Bairstow expects interesting second day on 'difficult' pitch in Antigua

After England faced a stern test on a lively Antigua wicket, Jonny Bairstow said: "It's something that is difficult to contend with."

Jonny Bairstow celebrates his fifty in Antigua.   -  Getty Images

Jonny Bairstow believes day two of the second Test in Antigua will be an "interesting" one as England seek to hit back with quick wickets on a lively pitch.

The tourist could only muster 187 all out after being inserted on day one, but that score did not appear too far below par given the challenges posed by a surface offering variable bounce and appreciable seam movement.

A superb, counter-attacking 52 from Bairstow was extremely valuable for England, while Moeen Ali (60) and Ben Foakes (35) were responsible for the only partnership of note as they shared 85 for the seventh wicket.

"It was tough – that was pretty evident," Bairstow told Sky Sports.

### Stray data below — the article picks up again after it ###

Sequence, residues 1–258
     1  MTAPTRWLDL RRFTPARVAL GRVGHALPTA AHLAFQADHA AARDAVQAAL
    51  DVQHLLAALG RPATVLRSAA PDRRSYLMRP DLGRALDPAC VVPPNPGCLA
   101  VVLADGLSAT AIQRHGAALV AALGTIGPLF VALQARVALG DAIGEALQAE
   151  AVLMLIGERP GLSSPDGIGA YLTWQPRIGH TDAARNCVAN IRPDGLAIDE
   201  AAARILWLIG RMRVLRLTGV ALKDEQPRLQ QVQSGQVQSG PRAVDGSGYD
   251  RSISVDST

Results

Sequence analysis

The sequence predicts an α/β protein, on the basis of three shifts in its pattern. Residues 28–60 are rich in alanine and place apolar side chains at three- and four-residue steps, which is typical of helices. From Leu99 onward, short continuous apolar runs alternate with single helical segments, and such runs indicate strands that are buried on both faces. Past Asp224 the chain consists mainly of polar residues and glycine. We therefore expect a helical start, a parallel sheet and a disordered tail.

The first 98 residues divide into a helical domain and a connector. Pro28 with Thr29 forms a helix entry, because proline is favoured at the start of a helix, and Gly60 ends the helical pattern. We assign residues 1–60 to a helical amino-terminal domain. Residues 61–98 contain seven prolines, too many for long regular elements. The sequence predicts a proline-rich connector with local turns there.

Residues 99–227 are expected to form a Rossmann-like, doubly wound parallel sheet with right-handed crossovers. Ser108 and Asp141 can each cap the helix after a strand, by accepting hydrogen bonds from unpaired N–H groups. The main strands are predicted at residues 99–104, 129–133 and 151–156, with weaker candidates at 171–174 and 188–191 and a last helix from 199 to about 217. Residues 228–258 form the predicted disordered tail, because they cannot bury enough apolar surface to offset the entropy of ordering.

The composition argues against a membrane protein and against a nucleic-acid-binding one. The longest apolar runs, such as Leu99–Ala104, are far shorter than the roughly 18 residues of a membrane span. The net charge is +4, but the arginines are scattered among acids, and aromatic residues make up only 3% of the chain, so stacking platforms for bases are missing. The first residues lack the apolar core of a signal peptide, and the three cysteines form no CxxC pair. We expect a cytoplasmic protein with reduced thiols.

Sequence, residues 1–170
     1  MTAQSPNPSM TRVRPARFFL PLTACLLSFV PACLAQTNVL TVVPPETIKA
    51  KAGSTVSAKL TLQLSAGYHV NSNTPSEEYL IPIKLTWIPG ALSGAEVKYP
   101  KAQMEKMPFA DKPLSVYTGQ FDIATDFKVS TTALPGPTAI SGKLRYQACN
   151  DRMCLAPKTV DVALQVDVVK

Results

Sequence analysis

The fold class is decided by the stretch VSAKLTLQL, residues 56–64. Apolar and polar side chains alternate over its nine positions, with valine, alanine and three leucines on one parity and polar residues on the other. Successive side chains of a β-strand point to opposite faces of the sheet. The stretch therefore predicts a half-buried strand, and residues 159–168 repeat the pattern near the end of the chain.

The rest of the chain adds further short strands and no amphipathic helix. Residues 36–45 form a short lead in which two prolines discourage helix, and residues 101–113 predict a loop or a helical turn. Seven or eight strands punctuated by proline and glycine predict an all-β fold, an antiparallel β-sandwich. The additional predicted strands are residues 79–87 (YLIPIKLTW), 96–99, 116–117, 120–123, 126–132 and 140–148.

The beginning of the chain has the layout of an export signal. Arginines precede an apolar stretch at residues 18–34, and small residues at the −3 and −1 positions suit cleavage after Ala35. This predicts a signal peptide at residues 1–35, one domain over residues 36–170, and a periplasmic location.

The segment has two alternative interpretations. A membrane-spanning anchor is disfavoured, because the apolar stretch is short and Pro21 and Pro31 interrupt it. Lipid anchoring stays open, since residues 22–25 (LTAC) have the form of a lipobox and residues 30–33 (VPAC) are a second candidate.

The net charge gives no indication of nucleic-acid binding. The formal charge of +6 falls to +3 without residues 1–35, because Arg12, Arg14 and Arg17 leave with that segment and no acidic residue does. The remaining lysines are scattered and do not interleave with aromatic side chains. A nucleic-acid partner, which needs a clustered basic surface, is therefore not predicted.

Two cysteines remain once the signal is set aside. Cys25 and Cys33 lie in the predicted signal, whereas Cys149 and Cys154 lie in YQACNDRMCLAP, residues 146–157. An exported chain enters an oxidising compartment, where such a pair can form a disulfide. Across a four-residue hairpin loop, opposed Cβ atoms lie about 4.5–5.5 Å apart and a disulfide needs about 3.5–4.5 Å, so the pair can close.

"We could see on multiple occasions the variable bounce that we had to contend with. They put the ball in some good areas and made us make decisions on a pitch that was probably bowler-friendly, especially in the first couple of sessions.

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"If you look at the pitch there are two different grass types on it, where the balls were bouncing from. There are a few variables with that but we've got to counteract them.

"I don't think you felt 'in' because there was always going to be a ball in there that might bounce or keep low, especially when they've got guys who are coming in at well over six foot. I think it's something that is difficult to contend with when there is variable bounce in the pitch."

Windies openers Kraigg Brathwaite and John Campbell were largely watchful in reply as they batted out 21 overs to reach 30 without loss, leaving England in need of urgent breakthroughs on Friday. "Tomorrow's going to an interesting day - it's an exciting day for us because I thought we bowled really well tonight," said Bairstow, who took the wicket-keeping gloves for the hosts' first innings after Foakes suffered bruising to his right hand.

"It's like riding a bike in many ways, you've just got to catch a few and then you are straight back into the rhythms," added England's number three, who has repeatedly expressed his desire to keep wicket.

"The first few with the wind from the far end seemed to hover and wobble, and we had a bit of a joke - you've got to enjoy it and hopefully Foakesy is okay for tomorrow."